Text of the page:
Saas v. Major, Lindsey & Africa, LLC et al

Filing 17

MEMORANDUM OPINION. Signed by Judge Julie Rebecca Rubin on 5/10/2024. (ols, Deputy Clerk)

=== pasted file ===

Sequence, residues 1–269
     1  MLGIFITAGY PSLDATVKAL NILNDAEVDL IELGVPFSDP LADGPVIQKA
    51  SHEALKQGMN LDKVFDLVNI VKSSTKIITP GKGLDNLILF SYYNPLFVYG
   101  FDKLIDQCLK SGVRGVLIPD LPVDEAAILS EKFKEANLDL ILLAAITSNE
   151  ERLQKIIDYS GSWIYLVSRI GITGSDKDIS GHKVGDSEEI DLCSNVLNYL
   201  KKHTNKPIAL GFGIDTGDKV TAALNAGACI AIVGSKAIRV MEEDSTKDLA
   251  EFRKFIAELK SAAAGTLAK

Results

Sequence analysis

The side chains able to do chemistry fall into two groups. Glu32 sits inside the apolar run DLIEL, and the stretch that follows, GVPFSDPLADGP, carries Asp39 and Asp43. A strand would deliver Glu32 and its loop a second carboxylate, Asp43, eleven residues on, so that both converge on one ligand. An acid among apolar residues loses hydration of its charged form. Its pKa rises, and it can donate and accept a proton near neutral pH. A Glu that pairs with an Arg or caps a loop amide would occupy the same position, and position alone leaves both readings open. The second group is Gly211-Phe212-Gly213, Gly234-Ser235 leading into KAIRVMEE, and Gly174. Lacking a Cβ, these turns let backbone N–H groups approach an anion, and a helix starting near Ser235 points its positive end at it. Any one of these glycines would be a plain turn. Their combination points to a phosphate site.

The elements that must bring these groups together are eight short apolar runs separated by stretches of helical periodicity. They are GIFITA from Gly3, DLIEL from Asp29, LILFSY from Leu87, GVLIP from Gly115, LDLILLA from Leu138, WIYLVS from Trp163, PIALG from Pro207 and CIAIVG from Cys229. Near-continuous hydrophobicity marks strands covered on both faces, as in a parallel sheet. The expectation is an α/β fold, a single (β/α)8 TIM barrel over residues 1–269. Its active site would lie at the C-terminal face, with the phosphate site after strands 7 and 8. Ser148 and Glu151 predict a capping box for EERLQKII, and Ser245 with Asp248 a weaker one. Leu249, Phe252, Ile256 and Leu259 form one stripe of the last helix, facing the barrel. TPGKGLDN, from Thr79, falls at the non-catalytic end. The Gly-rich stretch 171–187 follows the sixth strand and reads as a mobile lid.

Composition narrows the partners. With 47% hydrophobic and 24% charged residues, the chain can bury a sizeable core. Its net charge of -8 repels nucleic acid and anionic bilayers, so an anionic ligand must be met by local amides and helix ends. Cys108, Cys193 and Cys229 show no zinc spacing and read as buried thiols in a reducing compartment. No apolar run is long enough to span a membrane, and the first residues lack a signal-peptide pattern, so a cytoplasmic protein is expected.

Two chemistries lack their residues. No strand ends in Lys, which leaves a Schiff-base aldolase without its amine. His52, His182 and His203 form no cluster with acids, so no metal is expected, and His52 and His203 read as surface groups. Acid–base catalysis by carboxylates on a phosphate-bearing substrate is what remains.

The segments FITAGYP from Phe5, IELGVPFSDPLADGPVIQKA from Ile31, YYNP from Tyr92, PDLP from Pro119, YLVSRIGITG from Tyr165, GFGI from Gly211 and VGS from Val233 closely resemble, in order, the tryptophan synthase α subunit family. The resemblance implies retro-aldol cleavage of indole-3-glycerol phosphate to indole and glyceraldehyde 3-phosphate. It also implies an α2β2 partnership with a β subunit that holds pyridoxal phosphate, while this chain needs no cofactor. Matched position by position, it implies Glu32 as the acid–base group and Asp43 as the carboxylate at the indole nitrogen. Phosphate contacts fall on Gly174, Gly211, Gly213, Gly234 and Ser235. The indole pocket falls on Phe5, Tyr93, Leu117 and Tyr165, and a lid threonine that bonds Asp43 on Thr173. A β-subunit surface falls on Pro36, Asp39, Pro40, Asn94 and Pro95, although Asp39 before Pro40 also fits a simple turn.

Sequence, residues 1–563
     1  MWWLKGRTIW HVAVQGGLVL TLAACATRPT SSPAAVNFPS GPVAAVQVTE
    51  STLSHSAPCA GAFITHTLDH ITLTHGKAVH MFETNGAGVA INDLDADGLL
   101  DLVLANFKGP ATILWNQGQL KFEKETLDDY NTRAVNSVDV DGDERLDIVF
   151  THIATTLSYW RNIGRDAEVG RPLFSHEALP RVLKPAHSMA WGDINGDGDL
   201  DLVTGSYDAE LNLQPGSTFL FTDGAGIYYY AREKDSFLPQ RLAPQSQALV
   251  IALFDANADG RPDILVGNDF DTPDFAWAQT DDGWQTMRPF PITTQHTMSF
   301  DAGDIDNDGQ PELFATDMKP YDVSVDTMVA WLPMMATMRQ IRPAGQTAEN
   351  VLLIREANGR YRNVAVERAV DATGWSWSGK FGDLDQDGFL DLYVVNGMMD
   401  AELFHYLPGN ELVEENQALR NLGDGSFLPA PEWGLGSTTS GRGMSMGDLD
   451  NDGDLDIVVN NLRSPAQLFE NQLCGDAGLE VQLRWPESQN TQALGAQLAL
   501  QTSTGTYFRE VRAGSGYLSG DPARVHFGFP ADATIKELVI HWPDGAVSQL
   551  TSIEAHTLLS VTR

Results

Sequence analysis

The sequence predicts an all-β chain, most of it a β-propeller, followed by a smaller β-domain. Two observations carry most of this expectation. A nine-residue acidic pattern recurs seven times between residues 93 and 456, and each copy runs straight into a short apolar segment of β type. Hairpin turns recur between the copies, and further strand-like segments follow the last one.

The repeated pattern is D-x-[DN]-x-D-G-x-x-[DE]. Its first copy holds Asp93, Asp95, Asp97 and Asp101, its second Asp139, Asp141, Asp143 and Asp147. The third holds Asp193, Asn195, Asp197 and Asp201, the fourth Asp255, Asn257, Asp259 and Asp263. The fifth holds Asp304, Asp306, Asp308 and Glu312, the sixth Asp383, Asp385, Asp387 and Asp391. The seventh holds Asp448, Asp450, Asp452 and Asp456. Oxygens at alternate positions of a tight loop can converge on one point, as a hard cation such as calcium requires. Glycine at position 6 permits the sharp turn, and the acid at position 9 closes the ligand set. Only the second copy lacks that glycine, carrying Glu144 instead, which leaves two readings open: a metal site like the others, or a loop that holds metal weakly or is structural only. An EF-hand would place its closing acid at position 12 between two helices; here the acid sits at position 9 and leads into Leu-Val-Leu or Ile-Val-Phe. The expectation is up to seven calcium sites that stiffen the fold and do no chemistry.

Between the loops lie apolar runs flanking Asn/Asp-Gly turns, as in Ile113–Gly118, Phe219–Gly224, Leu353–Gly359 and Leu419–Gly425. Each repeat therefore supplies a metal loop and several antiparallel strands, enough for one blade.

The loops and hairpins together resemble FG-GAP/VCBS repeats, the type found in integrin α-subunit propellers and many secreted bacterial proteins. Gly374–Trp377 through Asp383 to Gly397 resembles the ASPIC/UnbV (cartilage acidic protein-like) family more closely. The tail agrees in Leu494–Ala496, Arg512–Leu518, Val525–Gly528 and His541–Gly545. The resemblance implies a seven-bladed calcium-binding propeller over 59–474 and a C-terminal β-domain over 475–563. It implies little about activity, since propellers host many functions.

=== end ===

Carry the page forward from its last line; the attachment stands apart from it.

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IN THE UNITED STATES DISTRICT COURT FOR THE DISTRICT OF MARYLAND HEIDI SAAS, Plaintiff, v. Civil No.: 1:23-cv-02102-JRR MAJOR, LINDSEY & AFRICA, LLC, et al., Defendants. MEMORANDUM OPINION Pending before the court is Defendants’ Motion to Strike Plaintiff’s Complaint, or, in the Alternative, Motion to Dismiss (ECF No. 6; the “Motion”). The court has reviewed all papers, and no hearing is necessary. Local Rule 105.6 (D. Md. 2023). For the reasons that follow, by accompanying order, the Motion (ECF No. 6), construed as a motion to dismiss, will be granted. I. BACKGROUND This action arises from Plaintiff’s contacts with a recruiter from Major, Lindsey & Africa, LLC (“MLA”). 1 (ECF No. 1; the “Complaint.”) In May of 2021, Plaintiff received a message from Riley Catone, a recruiter with MLA, on LinkedIn, requesting an interview. (ECF No. 1-1 ¶ 5.) Thereafter, 2 Ms. Catone had a phone interview with Plaintiff in which she told Plaintiff that MLA’s “system did not work,” that “women with gaps in their resumes were ‘getting left behind’ in the job market,” and that she had “difficulty ‘getting businesses past the motherhood gap’ when reviewing candidates.” Id. ¶ 6. Ms. Catone told Plaintiff that she was a “rockstar” and “wanted For purposes of resolving the Motion, the court accepts as true all well-pled facts set forth in the Complaint. (ECF No. 3.) Nemet Chevrolet, Ltd. v., Inc., 591 F.3d 250, 255 (4th Cir. 2009). 2 Plaintiff states that this interview occurred on May 12, 2021, but that date does not appear to be correct based on the other allegations of the Complaint and the attached exhibits. (ECF No. 1-1 at p. 3, 16, 19.) 1 to sell [her] services to businesses.” Id. Following that call, Plaintiff emailed her resume to Ms. Catone for a job posting at Uber. Id. ¶ 7. Ms. Catone shared the Uber job posting with Plaintiff. Id. Plaintiff then messaged the Chief Privacy Officer at Uber via LinkedIn to let her know that her resume would be submitted for the position, and the Chief Privacy Officer responded that her team did not have any openings at that time. 3 (ECF No. 1-1 ¶ 8.) Days later, Ms. Catone contacted Plaintiff about another position with Zendesk. Id. at p. 19. Plaintiff again provided her resume for the position with Zendesk. Id. ¶ 10. Plaintiff then messaged the Chief Privacy Officer at Zendesk via LinkedIn to inform her that her resume had been submitted, but the Chief Privacy Officer responded that the position had been filled. Id. ¶ 10. Thereafter, Plaintiff asked Ms. Catone for an update on her applications and states Ms. Catone “did not confirm whether or not she sent [her] resume to either Uber or Zendesk.” Id. ¶ 11. On September 21, 2021, Ms. Catone emailed Plaintiff about a part-time position, which Plaintiff declined. Id. ¶ 12. On May 4, 2022, another MLA employee emailed Plaintiff about another job, and Plaintiff did not respond. (ECF No. 1-1 ¶ 15.) Plaintiff filed a charge of discrimination against MLA with the U.S. Equal Employment Opportunity Commission (“EEOC”) on May 31, 2022, alleging that she “think[s]” MLA “[is] using screening tools . . . to screen-out applicants,” and that MLA “did not refer [her] for future jobs and later disappeared.” Id. at p. 21–22. On May 8, 2023, EEOC issued a Right to Sue letter to Plaintiff. Id. at p. 23. Plaintiff filed the Complaint in this court on August 4, 2023 against MLA and Allegis Group, Inc. (“Allegis”). (ECF No. 1.) Plaintiff contends that Allegis “owns MLA.” Id. ¶ 3. Though at times inconsistent, Plaintiff asserts the following claims: failure to refer and The manner in which Plaintiff pleads these allegations in her Complaint suggests she found out that there was no open position with Uber before she sent her resume to Ms. Catone. (ECF No. 1-1 ¶¶ 6–8.) Because such a reading is inconsistent with her claims and would certainly invalidate the claims to that allegation, the court assumes that dates identified in the Complaint are typographical errors. 3 2 “algorithmic bias” in violation of Title VII of the Civil Rights Act of 1964 (“Title VII”) and the Age Discrimination in Employment Act of 1967 (“ADEA”); retaliation in violation of Title VII and the ADEA; and fraudulent inducement in violation of Maryland law. (ECF No. 1.) Plaintiff alleges in her Complaint that Defendants use “algorithmic, machine learning, and other technical tools in the conduct of their business, and their use of such tools caused [her] to be unlawfully discriminated against on the basis” of her sex and age. (ECF No. 1-1 ¶ 19.) Plaintiff admits, however, Defendants asserted that they do not use artificial intelligence and that discovery is needed to ascertain the nature of the tools. 4 Id. She alleges that Defendants’ artificial intelligence, “job progression” “tools” result in “automated discrimination” and “result in negative results and disparate impacts” against people who, like Plaintiff, have a “motherhood gap” in their employment. 5 Id. ¶ 22. As a result, Plaintiff believes that Defendants unlawfully classified her in a way that prevented her resume from being referred to businesses for employment. Id. ¶ 23. Plaintiff simultaneously argues that there were no available positions, and that Defendants instead wanted her resume so they could be “paid for [her] data.” Id. ¶ 30. Plaintiff also states that one of the Defendants (but does not identify which one) retaliated against her by “creating and furnishing . . . defamatory data” about her to others “in an effort to disqualify [her] from being referred to employers because [she] filed” a charge of discrimination with EEOC. (ECF No. 1-1 at p. 1, ¶ 29.) However, she admits that discovery is needed to determine whether they actually did as alleged. Id. ¶ 29. Finally, Plaintiff alleges that one of the Defendants, presumably MLA, knowingly induced Plaintiff’s response in opposition to the Motion further clarifies that her allegation is based on the assumption that because “Allegis made 14.8 Billion in 2022, brokering globally in recruitment and employment data,” that Defendants cannot process “all of [that] data” without artificial intelligence. (ECF No. 10 at p. 7.) 5 Although Plaintiff does not define the phrase “motherhood gap,” it is apparent from context that it refers to the period of time in her thirties when she was raising her children and not actively participating in the workforce. (ECF No. 11 at p. 3 n.4.) 4 3 her to email her personal data (her resume) to it “by making false representations and promising lucrative positions that did not exist.” Id. ¶ 30. MLA did so to “monetize [her] data,” with “no intention of getting [her] a job, or [with] a reckless disregard for their obligation to try and present [her] resume for consideration of employment.” Id. II. LEGAL STANDARD A. Federal Rule of Civil Procedure 12(f) Federal pleading requirements require that a claim for relief contain “a short and plain statement of the claim showing the pleader is entitled to relief.” FED. R. CIV. P. 8(a)(2). Accordingly, under Rule 12(f), the court may, on its own or on motion by a party, “strike from a pleading . . . any redundant, immaterial, impertinent, or scandalous matter” where it is insufficient. FED. R. CIV. P. 12(f). “In determining whether to grant a motion to strike, the court ‘enjoys wide discretion . . . in order to minimize delay, prejudice and confusion by narrowing the issues for discovery and trial.’” Baltimore v. Baltimore City L. Dep’t, No. CV ELH-22-1901, 2022 WL 17812642, at *2 (D. Md. Dec. 16, 2022) (quoting Haley Paint Co. v. E.I. du Pont de Nemours & Co., 279 F.R.D. 331, 336 (D. Md. 2012)). “Rule 12(f) motions are generally viewed with disfavor because striking a portion of a pleading is a drastic remedy and because it is often sought by the movant simply as a dilatory tactic.” Waste Mgmt. Holdings, Inc. v. Gilmore, 252 F.3d 316, 347 (4th Cir. 2001) (citation omitted). Accordingly, on a Rule 12(f) motion, the court “must view the pleading under attack in a light most favorable to the pleader.” Haley Paint Co., 279 F.R.D. at 336. B. Federal Rule of Civil Procedure 12(b)(6) A motion asserted under Rule 12(b)(6) “test[s] the sufficiency of a complaint;” it does not “resolve contests surrounding the facts, the merits of a claim, or the applicability of defenses.” 4 Presley v. City of Charlottesville, 464 F.3d 480, 483 (4th Cir. 2006) (quoting Edwards v. City of Goldsboro, 178 F.3d 231, 243 (4th Cir. 1999)). Accordingly, a “Rule 12(b)(6) motion should only be granted if, after accepting all well-pleaded allegations in the plaintiff’s complaint as true and drawing all reasonable factual inferences from those facts in the plaintiff’s favor, it appears certain that the plaintiff cannot prove any set of facts in support of his claim entitling him to relief.” Edwards, 178 F.3d at 244. “While legal conclusions can provide the framework of a complaint, they must be supported by factual allegations.” Ashcroft v. Iqbal, 556 U.S. 662, 679 (2009). “Factual allegations must be enough to raise a right to relief above the speculative level on the assumption that all the allegations in the complaint are true (even if doubtful in fact).” Bell Atlantic Corp. v. Twombly, 550 U.S. 544, 555 (2007) (citations and footnote omitted). “[A] complaint that provides no more than ‘labels and conclusions,’ or ‘a formulaic recitation of the elements of a cause of action,’ is insufficient.” Bourgeois v. Live Nation Ent., Inc., 3 F. Supp. 3d 423, 434 (D. Md. 2014) (quoting Twombly, 550 U.S. at 555). “The [c]ourt must be able to deduce ‘more than the mere possibility of misconduct’; the facts of the complaint, accepted as true, must demonstrate that the plaintiff is entitled to relief.” Evans v. 7520 Surratts Rd. Operations, LLC, No. 8:21-CV-01637PX, 2021 WL 5326463, at *2 (D. Md. Nov. 16, 2021) (quoting Ruffin v. Lockheed Martin Corp., 126 F. Supp. 3d 521, 526 (D. Md. 2015)). Relevant here, “pro se pleadings are liberally construed and held to a less stringent standard than pleadings drafted by lawyers.” Gray v. Wash. Metro Area Transit Auth., No. DKC-16-1792, 2017 WL 511910, at *2 (D. Md. Feb. 8, 2017) (citing Erickson v. Paradus, 551 U.S. 89, 94 (2007)). “Liberal construction means that the court will read the pleadings to state a valid claim to the extent 5 that it is possible to do so from the facts available; it does not mean that the court should rewrite the complaint to include claims never presented.” Id. (citations omitted). III. ANALYSIS Defendants first ask this court to strike the complaint, as it constitutes a “shotgun pleading” that fails to apprise Defendants of the claims against them and the grounds in support of the specific claims. 6 (ECF No. 6-1 at p. 8–9.) Alternatively, Defendants argue that Plaintiff’s Complaint should be dismissed because it fails to state plausible claims under Title VII, the ADEA, and Maryland law. 7 Id. at p. 10–18. Plaintiff opposes the Motion. (ECF No. 10.) A. Motion to Strike Plaintiff’s Complaint Defendants argue the Complaint as a whole should be struck as a “shotgun pleading.” (ECF No. 6-1 at p. 7.) “A ‘shotgun pleading’ is one that ‘fails to articulate claims with sufficient clarity to allow the defendant to frame a responsive pleading . . . or [one in which] it is virtually impossible to know which allegations of fact are intended to support which claims for relief[.]” Baxter v. AmeriHome Mortg. Co., LLC, 617 F. Supp. 3d 346, 351 (D. Md. 2022) (quoting Lee v. Meyers, No. ELH-21-1589, 2022 WL 252960, at *11 (D. Md. Jan. 27, 2022)). See Lampkin-Asam v. Volusia Cnty. Sch. Bd., 261 F. App’x 274, 277 (11th Cir. 2008) (“A complaint that fails to articulate claims with sufficient clarity to allow the defendant to frame a responsive pleading constitutes a ‘shotgun pleading.’”). However, here, Plaintiff has articulated at least some claims with sufficient clarity. For example, Plaintiff sets forth her allegations with respect to her fraudulent inducement claim in Paragraphs 30 through 32. As a result, Defendants’ argument to strike the whole Defendants also argue that Plaintiff’s pleadings should not be afforded the “special judicial solitude” afforded to pro se parties because she is a lawyer. (ECF No. 6-1 at p. 6.) However, while Plaintiff is an attorney, she is not barred in this court, nor has she claimed any litigation practice or experience. Despite being a lawyer, Plaintiff is still a pro se litigant whose pleadings are subject to liberal construction. See Erickson, 551 U.S. at 94, supra. 7 Defendants also argue that all claims against Allegis should be dismissed because Allegis does not own MLA contrary to Plaintiff’s allegations. (ECF No. 6-1 at p. 9–10.) At this stage, the court accepts the allegations of the Complaint as true. The court is thus not persuaded that Allegis should be dismissed solely based on a factual dispute. 6 6 Complaint is unwarranted. The court will therefore decline to exercise its discretion to strike the Complaint and will instead view the Motion as one seeking to dismiss Plaintiff’s Complaint pursuant to Rule 12(b)(6). To the extent there are remaining allegations and claims that may constitute impermissible “shotgun pleading,” the court will address them in the context of the motion to dismiss. See McCrea v. Wells Fargo, No. CV RDB-18-2490, 2019 WL 2513770, at *7 (D. Md. June 17, 2019), aff’d, 852 F. App’x 112 (4th Cir. 2021) (discussing dismissal for impermissible “shotgun pleading” under Rule 12(b)(6)). B. Title VII and the ADEA Claims Both Title VII and the ADEA prohibit employment agencies—meaning, “any person regularly undertaking with or without compensation to procure employees for an employer or to procure for employees opportunities to work for an employer”—from unlawfully discriminating against applicants. 8 42 U.S.C. § 2000e(c). See 29 U.S.C. § 630(c) (“The term ‘employment agency’ means any person regularly undertaking with or without compensation to procure employees for an employer.”). Specifically, it is unlawful for an employment agency “to fail or refuse to refer for employment, or otherwise to discriminate against, any individual because of,” relevant here, her sex or age. 42 U.S.C. § 2000e-2(b); 29 U.S.C. § 623(b). “[T]here are few cases dealing with discrimination by employment agencies,” specifically with respect to discrimination in failure to refer for employment. Syed v. S.C. Vocational Rehab. Dep’t, No. 2:14-CV-02576-RMG, 2015 WL 1622094, at *6 n.9 (D.S.C. Apr. 10, 2015). See Koger v. Allegheny Intermediate Unit, No. CIV.A. 10-1466, 2012 WL 603565, at *12 (W.D. Pa. Feb. 24, 2012), aff’d, 495 F. App’x 266 (3d Cir. 2012) (same); Shah v. Littelfuse Inc., No. 12 CV 6845, 2013 WL 1828926, at *7 (N.D. Ill. Apr. 29, 2013) (same). Considering the plain language of the At least for the purposes of their Motion, Defendants appear to concede they are an employment agency within the meaning of Title VII and the ADEA. (ECF No. 6-1 at p. 10.) 8 7 statutes, “the plaintiff must show that the employment agency discriminated against her ‘based on her [protected status] in relation to referrals.’” E.E.O.C. v. Kelly Servs., Inc., 598 F.3d 1022, 1030 (8th Cir. 2010) (citing Williams v. Caruso, 966 F. Supp. 287, 297 (D. Del. 1997). Similarly, both Title VII and the ADEA also make it unlawful for an employment agency to discriminate against any individual because she has, relevant here, “made a charge, testified, assisted, or participated in any manner in an investigation [or] proceeding” under the statute. 42 U.S.C. § 2000e-3(a); 29 U.S.C. § 623(d). See Scaglione v. Chappaqua Cent. Sch. Dist., 209 F. Supp. 2d 311, 315 (S.D.N.Y. 2002) (“Like employers, employment agencies may not retaliate against those opposing illegal practices.”). 1. Failure to Refer Claim / Algorithmic Bias Claim As state supra, employment agencies may not “fail or refuse to refer for employment” and individual because of her sex or age. 42 U.S.C. § 2000e-2(b); 29 U.S.C. § 623(b). To demonstrate such a claim, a plaintiff “must allege that the employment agency refused or failed to refer the [her] to an available position with an employer on the basis of a discriminatory animus regarding the protected factor.” Syed, 2015 WL 1622094, at *6 n.9. See Kelly Servs., Inc., 598 F.3d at 1030 (“The plain language of § 2000e–2(b) states that an employment agency violates Title VII if it “fail[s] or refuse[s] to refer for employment . . . any individual because of his . . . [protected status].”). To the extent Plaintiff’s claim is based on disparate treatment, she has failed to state a claim. First, Plaintiff does not allege that Defendants refused, or failed, to refer her for an available position based on her protected status. She instead contends that they did so because they wanted to profit from the sale of her data. (ECF No. 1-1 ¶ 30.) Moreover, Plaintiff alleges that no available 8 positions actually existed and instead were merely a ruse to access and misuse her personal information. Id. Plaintiff’s allegation of “algorithmic bias” is similarly insufficient. Plaintiff alleges that Defendants use “job progression” “tools” that “generally disqualif[y] and exclude[] anyone with a gap in their resume,” having a disparate impact on women with a “motherhood gap,” like Plaintiff. (ECF No. 1-1 ¶ 22.) Under 42 U.S.C. 2000e-2(k), Title VII provides: An unlawful employment practice based on disparate impact is established under this subchapter only if(i) a complaining party demonstrates that a respondent uses a particular employment practice that causes a disparate impact on the basis of race, color, religion, sex, or national origin and the respondent fails to demonstrate that the challenged practice is job related for the position in question and consistent with business necessity . . . 42 U.S.C. § 2000e-2(k)(1)(A)(i). See Smith v. City of Jackson, Miss., 544 U.S. 228, 232 (2005) (holding “that the ADEA does authorize recovery in ‘disparate-impact’ cases”). “Thus, a plaintiff establishes a prima facie disparate-impact claim by showing that the employer ‘uses a particular employment practice that causes a disparate impact’ on one of the prohibited bases.” Lewis v. City of Chicago, Ill., 560 U.S. 205, 212 (2010) (quoting 42 U.S.C. § 2000e-2(k)). Plaintiff’s claim fails here because it is entirely speculative. Plaintiff has not identified a particular employment practice that exists. Her allegation is based solely on supposition that Defendants use artificial intelligence tools because they are large businesses. (ECF No. 10 at p. 7.) Plaintiff’s allegation, however, that MLA stated that it did not use artificial intelligence tools, directly contradicts her supposition. (ECF No. 1-1 ¶¶ 19, 22, 28.) Ms. Catone’s comment that she had trouble “getting businesses past the ‘motherhood gap’” does not change the court’s analysis, as Plaintiff still does not allege a particular employment practice. Ms. Catone’s comment, while 9 perhaps raising suspicion, does not relate to MLA’s artificial intelligence system. Id. ¶ 6. Finally, as a separate matter, Plaintiff makes no meaningful allegation that the so-called “tools” have a disparate impact on applicants based on age. See ECF No. 1-1 at ¶ 22. She instead conclusorily alleges that Defendants “violated” the ADEA with their purported use of the artificial intelligence. Id. Even considered in the light most favorable to Plaintiff, Plaintiff’s allegations are simply insufficient to state a plausible claim for relief for failure to refer in violation of Title VII and the ADEA. 2. Retaliation As explained supra, plaintiffs may prove that the employment agency “retaliated against them for engaging in protected activity through one of two ways: (1) by direct evidence of retaliatory animus; or (2) through the McDonnell Douglas Corp. v. Green, 411 U.S. 792 (1973), burden-shifting framework.” Walton v. Harker, 33 F.4th 165, 171 (4th Cir. 2022) (citing Foster v. Univ. of Md.-E. Shore, 787 F.3d 243, 249 (4th Cir. 2015)). As is the case here, where there is no direct evidence of a retaliatory animus, a plaintiff must first set forth the elements of a prima facie case of retaliation under Title VII and the ADEA, meaning: “(1) she engaged in a protected activity, (2) the employer acted adversely against her, and (3) there was a causal connection between the protected activity and the asserted adverse action.” Walton, 33 F.4th at 177 (quoting Hoyle v. Freightliner, LLC, 650 F.3d 321, 337 (4th Cir. 2011)). While filing a charge of discrimination with the EEOC is certainly protected activity, Plaintiff otherwise fails to state a claim of retaliation under the law. 9 See 42 U.S.C. § 2000e-3(a); 29 U.S.C. § 623(d), supra. The alleged adverse action on which Plaintiff rests is that Defendants Plaintiff’s Complaint is inconsistent with respect to whether she intended to assert a retaliation claim. See ECF No. 1 at p. 5; ECF No. 1-1 at p. 1, ¶ 29 (stating in one part that she is not complaining of retaliation and stating in another that she was subject to retaliation in the form of “creating and furnishing . . . defamatory data” about her to others). Given the liberal pleading standard and for the sake of completeness, the court considers the claims. 9 10 “unlawfully furnished data to others about [her] in an effort to disqualify [her] from being referred to employers.” (ECF No. 1-1 ¶ 29.) However, Plaintiff concedes that “[d]iscovery is needed to ascertain if any defamatory or other inaccurate information” was used—thus admitting that she has no factual basis beyond speculation to support her claim that such data was furnished to others. Id. This is further illustrated by Plaintiff’s failure to identify the purported defamatory information disseminated. Further, elsewhere in the Complaint, Plaintiff identifies a different purported motive for Defendants’ actions: unlawfully furnishing data about her for their own profit. Id. ¶ 21. Simply speculating something is true with no supportive factual allegations is insufficient to support a claim for relief. See Twombly, 550 U.S. at 555 (“Factual allegations must be enough to raise a right to relief above the speculative level.”); McCleary-Evans v. Maryland Dep’t of Transp., State Highway Admin., 780 F.3d 582, 588 (4th Cir. 2015) (noting that, where a complaint left “open to speculation” the cause of defendant’s employment decision, the cause was not plausible in light of the “obvious alternative explanation”). Finally, perhaps most fatal to her claim, Plaintiff has not alleged any connection between the purported adverse action and her protected activity beyond the conclusory allegation that Defendants did so “because” she filed the EEOC complaint. (ECF No. 1-1 ¶ 29.) The court cannot accept the conclusory allegation as true. See Iqbal, 556 U.S. at 678 (“Threadbare recitals of the elements of a cause of action, supported by mere conclusory statements, do not suffice.”). The court thus concludes that, to the extent she intended to assert one, Plaintiff has failed to state a claim of retaliation in violation of Title VII or the ADEA. C. Fraudulent Inducement 10 “Under Maryland law, ‘[f]raud encompasses, among other things, theories of fraudulent misrepresentation, fraudulent concealment, and fraudulent inducement.’” Topline Solutions, Inc. A federal court sitting in diversity applies state substantive law when reviewing state law claims. Kerr v. Marshall Univ. Bd. of Governors, 824 F.3d 62, 74 (4th Cir. 2016); Erie R. Co. v. Tompkins, 304 U.S. 64, 78 (1938). 10 11 v. Sandler Sys, Inc., No. ELH-09-3102, 2017 WL 1862445, at *32 (D. Md. May 8, 2017) (quoting Sass v. Andrew, 152 Md. App. 406, 432 (2003)). “In alleging fraud or mistake, a party must state with particularity the circumstances constituting fraud or mistake.” FED. R. CIV. P. 9(b). Plaintiff “must, at a minimum, describe the time, place, and contents of the false representations, as well as the identity of the person making the misrepresentation and what he obtained thereby.” Bourgeois v. Live Nation Entertainment Inc., 3 F. Supp. 3d 423, 435 (D. Md. 2014) (quoting U.S. ex rel. Owens v. First Kuwaiti Gen’l Trading & Contracting Co., 612 F.3d 724, 731 (4th Cir. 2010)). This is often “referred to as the ‘who, what, when, where, and how’ of the alleged fraud.” U.S. ex rel. Wilson v. Kellogg Brown & Root, Inc., 525 F.3d 370, 379 (4th Cir. 2008) (citation omitted). “The tort of fraudulent inducement ‘means that one has been led by another’s guile, surreptitiousness or other form of deceit to enter into an agreement to his detriment.’” Rozen v. Greenberg, 165 Md. App. 665, 674 (2005) (quoting Sec. Constr. Co. v. Maietta, 25 Md. App. 303, 307 (1975)). To succeed on a claim of fraudulent inducement, Plaintiff must demonstrate: (1) that the defendant made a false representation to the plaintiff, (2) that its falsity was either known to the defendant or that the representation was made with reckless indifference as to its truth, (3) that the misrepresentation was made for the purpose of defrauding the plaintiff, (4) that the plaintiff relied on the misrepresentation and had the right to rely on it, and (5) that the plaintiff suffered compensable injury resulting from the misrepresentation. CapitalSource Fin., LLC v. Delco Oil, Inc., 608 F. Supp. 2d 655, 666 (D. Md. 2009) (quoting Nails v. S & R, Inc., 334 Md. 398, 415 (1994)). “Notably, ‘fraud cannot be predicated on statements which are merely promissory in nature, or upon expressions as to what will happen in the future.’” View Point Med. Sys., LLC v. Athena Health, Inc., 9 F. Supp. 3d 588, 612 (D. Md. 2014) (quoting Sass, 152 Md. App. at 438)). “In fraudulent inducement cases, a defrauded party may elect 12 between two remedies, which are exclusive[:] . . . to rescind the contract or to ratify the contract and seek damages, either affirmatively or by recoupment.” Id. Here, Plaintiff’s allegations are, again, insufficient, especially considering the heightened pleading standard under Rule 9(b). Plaintiff has not alleged that she was induced to enter any sort of agreement to her detriment. See Rozen, 165 Md. App. at 674, supra. She has instead alleged, at most, that she was induced to send her resume to Ms. Catone. (ECF No. 1-1 ¶ 30; ECF No. 10 at p. 11.) Neither of the “exclusive” remedies that exist to redress unlawful fraudulent inducement would have any effect here. See View Point Med. Sys., LLC, 9 F. Supp. 3d at 612, supra. Even assuming arguendo that an agreement exists, Plaintiff still fails to plead the necessary elements of a fraudulent inducement claim. As best the court can tell, the alleged false representations she asserts were that Ms. Catone would provide Plaintiff’s resume for consideration for two employment positions and that “neither received [her] resume.” (ECF No. 1-1 ¶ 30.) However, Plaintiff does not allege that Ms. Catone never provided her resume to Uber or Zendesk; she alleges that the Chief Privacy Officers for each employer stated either that there was no opening (despite an online job posting) or, most notably, that the position had been filled. Id. ¶¶ 7–10. Simply because the employers stated that they did not have an opening or that a position had been filled does not raise a plausible inference that a recruiter sought out Plaintiff’s resume either falsely or with reckless indifference to the truth and misrepresented the availability of positions for the purpose of defrauding her. See McCleary-Evans, 780 F.3d at 588, supra. 11 The court thus finds that Plaintiff has failed to state a claim for fraudulent inducement under Maryland law. D. Remaining Allegations The court does not discern any additional claims in Plaintiff’s Complaint. To the extent Because Plaintiff’s claim is facially insufficient, the court need not address Plaintiff’s assertion of “intrusion upon privacy” as her compensable injury, but does note that the assertion is again based entirely on speculation. 11 13 Plaintiff intended to raise any additional claims or rely on any other allegations to support her claims addressed herein, such allegations fail as impermissible “shotgun pleading.” See Baxter, 617 F. Supp. 3d at 351, supra; Lampkin-Asam, 261 F. App’x at 277, supra. See also Weller v. Dep’t of Soc. Servs. for City of Baltimore, 901 F.2d 387, 391 (4th Cir. 1990) (“The ‘special judicial solicitude’ with which a district court should view such pro se complaints does not transform the court into an advocate.”). IV. CONCLUSION For the reasons set forth herein, by separate order, Defendants’ Motion to Strike Plaintiff’s Complaint, or, in the Alternative, Motion to Dismiss (ECF No. 6), construed as a motion to dismiss, will be granted. May 10, 2024 /s/______________________ Julie R. Rubin United States District Judge 14